Measuring instruments for estuaries

Uit Kust Wiki
Ga naar: navigatie, zoeken

This article is a summary of sub-section 5.3.3 of the Manual Sediment Transport Measurements in Rivers, Estuaries and Coastal Seas[1]. This article describes which instruments are available to measure several aspects of sediment management in estuaries.

Instruments for estuaries

Table 1, 2 and 3 present the available instruments (and accuracies involved) for measuring:

  • bed load transport,
  • suspended sediment concentrations and transport rates
  • particle sizes and fall velocities,

The order of preference in the Tables is based on the overall sampling accuracy. Simple mechanical instruments such as the bottle-type and the trap-type samplers are not attractive because of the very short sampling times involved. Accuracy cannot be improved by increasing number of samples due to time-variation of sediment concentrations within the tidal cycle.

Point-samples should be taken over the entire water column in strong tidal flows as the sediments will be mixed over the water column by turbulent eddies. Data sampling can be confined to the bottom region in weak tidal flows. Flocculation often is a dominant process in muddy estuaries. The LISST-ST which is an in-situ Laser diffraction instrument in combination with a settling tube offers a powerful solution to measure particle sizes, concentrations and densities of the individual particles as well as the flocculated aggregates (low concentrations <150 mg/l) in on-line mode. This instrument (LISST-ST) is not yet suitable for long-term, stand-alone measurements due to insufficient robustness, relatively low concentration range (<150 mg/l) and biological fouling problems (see also Optical Laser diffraction instruments (LISST)).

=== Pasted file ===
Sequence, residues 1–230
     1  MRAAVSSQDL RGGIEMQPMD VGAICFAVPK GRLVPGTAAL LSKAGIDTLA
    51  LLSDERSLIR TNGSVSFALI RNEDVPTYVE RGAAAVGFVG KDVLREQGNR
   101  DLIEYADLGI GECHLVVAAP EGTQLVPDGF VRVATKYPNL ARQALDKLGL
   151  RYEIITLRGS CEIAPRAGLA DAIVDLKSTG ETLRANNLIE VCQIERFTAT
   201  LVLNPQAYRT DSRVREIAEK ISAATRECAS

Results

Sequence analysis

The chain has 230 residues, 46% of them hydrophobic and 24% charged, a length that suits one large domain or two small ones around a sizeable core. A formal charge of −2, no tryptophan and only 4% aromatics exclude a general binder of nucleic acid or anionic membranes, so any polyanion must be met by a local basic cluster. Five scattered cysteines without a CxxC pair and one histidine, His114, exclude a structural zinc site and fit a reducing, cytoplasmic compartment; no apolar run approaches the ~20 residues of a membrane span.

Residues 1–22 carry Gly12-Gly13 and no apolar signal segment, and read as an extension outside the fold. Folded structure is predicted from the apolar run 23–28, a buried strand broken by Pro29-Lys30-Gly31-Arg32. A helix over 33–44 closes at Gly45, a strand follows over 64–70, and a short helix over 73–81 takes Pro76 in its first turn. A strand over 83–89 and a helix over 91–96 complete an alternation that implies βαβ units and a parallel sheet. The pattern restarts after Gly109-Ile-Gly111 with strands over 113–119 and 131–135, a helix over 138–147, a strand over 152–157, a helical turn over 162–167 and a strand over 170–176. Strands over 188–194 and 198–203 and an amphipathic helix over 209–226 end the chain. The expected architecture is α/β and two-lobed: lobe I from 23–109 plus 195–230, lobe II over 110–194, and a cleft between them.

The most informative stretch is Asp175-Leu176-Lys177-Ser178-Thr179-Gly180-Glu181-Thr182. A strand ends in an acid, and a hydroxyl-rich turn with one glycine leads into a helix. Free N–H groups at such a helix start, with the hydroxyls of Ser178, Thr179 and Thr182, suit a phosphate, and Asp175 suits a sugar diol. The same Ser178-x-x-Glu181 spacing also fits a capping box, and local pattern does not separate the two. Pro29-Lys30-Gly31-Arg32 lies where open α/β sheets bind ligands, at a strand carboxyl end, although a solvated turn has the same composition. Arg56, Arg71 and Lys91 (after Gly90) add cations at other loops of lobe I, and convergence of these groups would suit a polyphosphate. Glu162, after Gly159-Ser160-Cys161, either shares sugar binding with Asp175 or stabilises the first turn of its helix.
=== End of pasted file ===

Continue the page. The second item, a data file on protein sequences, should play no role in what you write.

Table 1 and 2: Instruments to measure bed load and suspended load
Table 3: Instruments to measure particle size and fall velocity

See also

Summaries of the manual

Other internal links

External links


  1. Rijn, L. C. van (1986). Manual sediment transport measurements. Delft, The Netherlands: Delft Hydraulics Laboratory
The main author of this article is Rijn, Leo van
Please note that others may also have edited the contents of this article.

The main author of this article is Roberti, Hans
Please note that others may also have edited the contents of this article.